World TimeSeconds vs. ServerWorld TimeSeconds

Recently I revisited the idea of throwing out acknowledged moves and replaying a local simulation and it dawned on me that the client’s local world time and the server’s world time would likely be different because of a world start time delta. In this lecture, when we decide which moves to throw out based on time, we’re actually comparing the client’s local world time to the server’s world time. Since we’re essentially starting both up at the same time using the editor’s built-in server/client feature, the difference in world time is likely very small.

However, in a case where client and server might be a considerable distance from each other, I’m wondering what the effect would be in our Move.Time comparison. I attempted to draw this out and I think if the client and server timelines deviated too far due to a large enough start-up time delta, the server might actually appear to be running ahead of the client, and thus all moves would be thrown out and we might get some ‘jerk’ because we’re still resetting the actor to an out-of-date position.

Again this is all theoretical - client and server world times may never deviate far enough to matter. However, I did want to point out some interesting functions in GameState:

float AGameStateBase::GetServerWorldTimeSeconds() const
	UWorld* World = GetWorld();
	if (World)
		return World->GetTimeSeconds() + ServerWorldTimeSecondsDelta;

	return 0.f;

void AGameStateBase::UpdateServerTimeSeconds()
	UWorld* World = GetWorld();
	if (World)
		ReplicatedWorldTimeSeconds = World->GetTimeSeconds();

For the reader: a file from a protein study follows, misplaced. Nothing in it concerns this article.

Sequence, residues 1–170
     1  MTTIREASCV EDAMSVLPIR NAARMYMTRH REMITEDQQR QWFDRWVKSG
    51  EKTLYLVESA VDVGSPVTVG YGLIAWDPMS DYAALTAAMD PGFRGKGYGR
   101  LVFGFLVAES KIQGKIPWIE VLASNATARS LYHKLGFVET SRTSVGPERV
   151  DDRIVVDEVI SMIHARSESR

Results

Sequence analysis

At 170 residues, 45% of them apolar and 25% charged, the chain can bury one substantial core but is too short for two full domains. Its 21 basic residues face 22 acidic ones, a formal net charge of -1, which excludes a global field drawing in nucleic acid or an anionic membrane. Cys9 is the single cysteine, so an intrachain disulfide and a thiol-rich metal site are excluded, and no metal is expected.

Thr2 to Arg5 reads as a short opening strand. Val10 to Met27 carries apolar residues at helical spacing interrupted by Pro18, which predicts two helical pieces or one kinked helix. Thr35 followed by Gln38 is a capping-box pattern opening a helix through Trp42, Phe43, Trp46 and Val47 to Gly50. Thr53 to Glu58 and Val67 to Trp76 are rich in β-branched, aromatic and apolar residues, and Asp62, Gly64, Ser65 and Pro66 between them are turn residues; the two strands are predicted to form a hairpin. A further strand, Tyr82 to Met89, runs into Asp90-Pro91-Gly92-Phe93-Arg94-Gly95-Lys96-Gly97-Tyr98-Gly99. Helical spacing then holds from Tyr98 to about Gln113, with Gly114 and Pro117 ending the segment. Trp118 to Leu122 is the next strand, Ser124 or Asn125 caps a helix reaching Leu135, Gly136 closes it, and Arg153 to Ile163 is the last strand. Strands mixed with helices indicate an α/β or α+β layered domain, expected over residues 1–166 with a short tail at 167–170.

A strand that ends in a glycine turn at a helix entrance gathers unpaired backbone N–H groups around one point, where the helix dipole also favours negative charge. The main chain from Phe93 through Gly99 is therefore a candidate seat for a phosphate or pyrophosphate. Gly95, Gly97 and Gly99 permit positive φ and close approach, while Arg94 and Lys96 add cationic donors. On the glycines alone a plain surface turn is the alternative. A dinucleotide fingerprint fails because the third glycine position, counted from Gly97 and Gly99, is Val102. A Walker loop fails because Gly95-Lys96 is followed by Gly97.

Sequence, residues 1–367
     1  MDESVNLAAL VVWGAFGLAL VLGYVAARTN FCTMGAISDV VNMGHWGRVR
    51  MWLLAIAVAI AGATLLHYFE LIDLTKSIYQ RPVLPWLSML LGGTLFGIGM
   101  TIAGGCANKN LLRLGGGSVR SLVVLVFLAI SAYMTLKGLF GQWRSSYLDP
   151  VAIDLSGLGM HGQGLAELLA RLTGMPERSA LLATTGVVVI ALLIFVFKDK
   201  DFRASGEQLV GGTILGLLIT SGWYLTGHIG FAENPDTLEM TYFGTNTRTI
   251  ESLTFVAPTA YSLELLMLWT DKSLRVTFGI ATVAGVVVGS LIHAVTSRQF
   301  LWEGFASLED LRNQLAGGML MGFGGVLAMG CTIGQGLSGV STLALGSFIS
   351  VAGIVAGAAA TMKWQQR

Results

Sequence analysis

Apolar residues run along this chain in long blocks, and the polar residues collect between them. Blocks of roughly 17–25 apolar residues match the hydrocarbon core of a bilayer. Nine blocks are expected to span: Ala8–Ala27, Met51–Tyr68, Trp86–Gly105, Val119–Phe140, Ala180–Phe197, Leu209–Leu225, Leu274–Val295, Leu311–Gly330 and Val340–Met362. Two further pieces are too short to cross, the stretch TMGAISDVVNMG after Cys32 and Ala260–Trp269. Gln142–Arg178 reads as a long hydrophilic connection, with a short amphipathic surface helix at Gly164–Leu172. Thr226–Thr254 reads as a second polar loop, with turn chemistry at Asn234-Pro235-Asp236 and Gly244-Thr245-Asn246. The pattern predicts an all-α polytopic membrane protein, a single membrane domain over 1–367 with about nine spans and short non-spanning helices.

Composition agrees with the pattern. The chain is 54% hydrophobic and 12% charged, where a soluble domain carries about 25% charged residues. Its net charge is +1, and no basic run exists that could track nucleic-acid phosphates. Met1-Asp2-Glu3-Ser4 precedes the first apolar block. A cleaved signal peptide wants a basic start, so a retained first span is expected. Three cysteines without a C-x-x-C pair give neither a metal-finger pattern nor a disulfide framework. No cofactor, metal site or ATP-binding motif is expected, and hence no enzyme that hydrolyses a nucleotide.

void AGameStateBase::OnRep_ReplicatedWorldTimeSeconds()
	UWorld* World = GetWorld();
	if (World)
		ServerWorldTimeSecondsDelta = ReplicatedWorldTimeSeconds - World->GetTimeSeconds();

As well as this property in GameStateBase.h:

/** Server TimeSeconds. Useful for syncing up animation and gameplay. */
UPROPERTY(Transient, ReplicatedUsing=OnRep_ReplicatedWorldTimeSeconds)
float ReplicatedWorldTimeSeconds;

In theory, if we’re the client we could use GetServerWorldTimeSeconds() instead of GetWorld()->TimeSeconds, and then when we’re comparing move times in ClearAcknowledgedMoves we’d actually be comparing two times that exist relative to the server’s timeline.

Again it’s hard to determine how much this would matter in a real-world simulation without observing the extreme cases. As a side project, I was thinking about adding some logic to KrazyKarts to dump time and position to a csv file so I can actually plot the movement-over-time graphs in a spreadsheet and observe the effects of using different timelines. I’ll post the results if I find anything interesting.

Anyway, I wanted to bring this up for discussion if anybody is interested. I’d love to hear your feedback.


Very good point. I had naively assumed the times were being synchronised but it seems like one should indeed use the above functions instead. Nice find!

I mentioned this post in this text lecture

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How do I correctly implement this method call?

I included “GameFramework/GameStateBase.h” and tried using like this:

AGameStateBase* GameState;
Move.Time = GameState->GetServerWorldTimeSeconds();

And got this error: error C4700: uninitialized local variable ‘GameState’ used.
I also tried using AGameStateBase::GetServerWorldTimeSeconds() but it says it’s nonstatic.